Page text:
Twenty five years into a life sentence, Jonathan Pollard continues to rot in prison with no relief in sight.

* * *

Weinberger memoir omits key involvement

Edwin Black - Special To The Jewish Week (NY) - June 14, 2002

Caspar Weinberger's plain-prose memoir, generally devoid of emotion, recounts his rise to the top of the defense establishment and his controversial tenure there.

What "In the Arena" [Regnery] does not recount is his pivotal involvement with the Jonathan Pollard spy case. Weinberger was called upon by the judge to assess the damage Pollard, a civilian Navy analyst, did to national security.

Asked in an interview why he omitted the incident, Weinberger casually replied, "Because it was, in a sense, a very minor matter but made very important." Asked to elaborate, Weinberger repeated, "As I say, the Pollard matter was comparatively minor. It was made far bigger than its actual importance."

Pressed on why the case was made far bigger than its actual importance, Weinberger answered, "I don't know why it just was."

In the first chapter, Weinberger bluntly lays to rest the assumption that he was raised Jewish, noting that both his father and grandfather were indifferent to any religion dating back to a synagogue quarrel in Bohemia involving the family three generations earlier.

Weinberger instead was influenced by his mother's interest in the Episcopalian Church. Later, during his Harvard days, he became an active Episcopalian, noting that his "faith in God has been an enormous influence and comfort all my life."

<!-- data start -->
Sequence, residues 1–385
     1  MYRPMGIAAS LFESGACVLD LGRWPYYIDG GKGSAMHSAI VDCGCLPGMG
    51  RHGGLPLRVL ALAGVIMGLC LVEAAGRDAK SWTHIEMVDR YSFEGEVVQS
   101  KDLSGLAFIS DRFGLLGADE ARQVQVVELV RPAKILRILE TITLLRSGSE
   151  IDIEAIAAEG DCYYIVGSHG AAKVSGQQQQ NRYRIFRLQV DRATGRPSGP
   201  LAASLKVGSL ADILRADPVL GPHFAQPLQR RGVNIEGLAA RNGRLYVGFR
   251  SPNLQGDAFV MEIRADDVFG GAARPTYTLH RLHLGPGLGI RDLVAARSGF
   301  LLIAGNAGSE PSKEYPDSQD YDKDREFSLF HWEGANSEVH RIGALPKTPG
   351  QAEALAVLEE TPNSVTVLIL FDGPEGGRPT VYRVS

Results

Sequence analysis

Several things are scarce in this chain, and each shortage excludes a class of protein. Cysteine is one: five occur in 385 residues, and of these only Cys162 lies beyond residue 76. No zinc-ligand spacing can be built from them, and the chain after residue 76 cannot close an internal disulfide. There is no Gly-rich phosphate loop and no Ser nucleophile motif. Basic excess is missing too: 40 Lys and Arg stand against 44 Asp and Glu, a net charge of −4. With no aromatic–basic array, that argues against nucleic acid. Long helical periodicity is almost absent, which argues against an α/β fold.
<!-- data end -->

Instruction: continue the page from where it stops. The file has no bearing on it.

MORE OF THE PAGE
Weinberger's intense interest in things military started with his "illegal" attempt to join the Royal Air Force in 1941 to fight Germany before the United States joined the war. (He was turned down because of bad eyesight.) Later he did enlist in the Army, serving in the South Pacific. There he met an army nurse, Jane, who would become his wife.

Weinberger tells how his World War II service was invaluable training for when he became secretary of defense in 1981.

"In particular, I was stuck by the terrible lack of foresight that had left America so unprepared (in 1941) materially, psychologically, and in trained manpower for war. ... In 1981, I saw that, again, we had basically the same shortages of equipment and qualified personnel at the height of the Cold War."

Laced throughout the book is Weinberger's immense devotion to and admiration of Ronald Reagan, whom he credits with winning the Cold War. The turning point, Weinberger writes, was "when President Reagan, in perhaps his most major violation of conventional wisdom, blatantly told the world that Communism was an Evil Empire."

It was Weinberger, of course, as secretary of defense, who built up America's military might to show the Soviets that Reagan meant business.

An exception to the emotionless telling of his life is a chapter in which Weinberger laments the "horribly debilitating" toll of his indictment by the special prosecutor during the Iran-Contra debacle. Weinberger insists Reagan was totally unaware of the conspiracy. The personal humiliation for Weinberger and his family, and the financial toll in legal bills, is retold mincing no words.